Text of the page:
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Technical Announcement:
Landsat Contest Offers View of Local Landscape Change from Space

Released: 5/24/2012 6:37:20 PM

Contact Information:
U.S. Department of the Interior, U.S. Geological Survey
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12201 Sunrise Valley Dr, MS 119
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Jon  Campbell 1-click interview
Phone: 703-648-4180



To celebrate the 40th anniversary of the United States' Landsat Earth-observing program, NASA and the U.S. Geological Survey (USGS) are holding a contest that will offer winners customized satellite views of changing local landscapes.

All U.S. citizens are eligible to enter the "My American Landscape: A Space Chronicle of Change" contest. Winners will be announced on July 23 at a Landsat Program anniversary news conference in Washington, which will be carried live on NASA Television. The submissions deadline is Wednesday, June 6.

The Landsat Program has created the longest continuous global record of the Earth's surface observed from space. The images are a critical ingredient in decision making for agriculture, climate research, disaster mitigation, ecosystems, forestry, human health, and water management.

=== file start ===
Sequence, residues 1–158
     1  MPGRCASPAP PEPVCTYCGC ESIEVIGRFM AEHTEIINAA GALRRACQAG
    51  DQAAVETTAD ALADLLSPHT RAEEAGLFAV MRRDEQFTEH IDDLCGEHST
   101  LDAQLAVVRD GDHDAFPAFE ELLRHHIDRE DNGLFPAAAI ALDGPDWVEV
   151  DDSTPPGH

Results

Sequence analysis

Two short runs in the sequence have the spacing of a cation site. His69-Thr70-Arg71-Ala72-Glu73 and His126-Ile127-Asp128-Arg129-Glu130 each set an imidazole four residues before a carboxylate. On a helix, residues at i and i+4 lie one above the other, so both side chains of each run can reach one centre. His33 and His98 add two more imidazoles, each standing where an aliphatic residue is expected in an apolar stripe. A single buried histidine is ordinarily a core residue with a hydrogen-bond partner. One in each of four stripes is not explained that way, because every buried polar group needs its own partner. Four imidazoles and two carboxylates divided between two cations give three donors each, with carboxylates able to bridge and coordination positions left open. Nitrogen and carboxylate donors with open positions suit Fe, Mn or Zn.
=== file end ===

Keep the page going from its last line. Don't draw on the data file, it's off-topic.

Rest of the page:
To enter the contest, send NASA an email describing the local landscape changes you are interested in where you live, and what you hope to learn about them from Landsat's four-decades of observations from space. Scientists will review the Landsat data archive for the six areas selected and show the changes observed at the July 23 event.

More information on the contest and details on how to enter.  

The first Landsat satellite rocketed into space on July 23, 1972. The Landsat Program was our nation's first step toward studying in a comprehensive way what was happening across the American landscape and around the world. Landsat satellites have documented our planet ever since in great detail, giving us valuable information about Earth's surface, its ecosystems and the impacts of human activity and natural disasters.

NASA is preparing to launch the next Landsat satellite in 2013, which will be turned over to USGS for operations and data distribution. For more information about the Landsat Program, visit:

USGS Landsat

NASA Landsat


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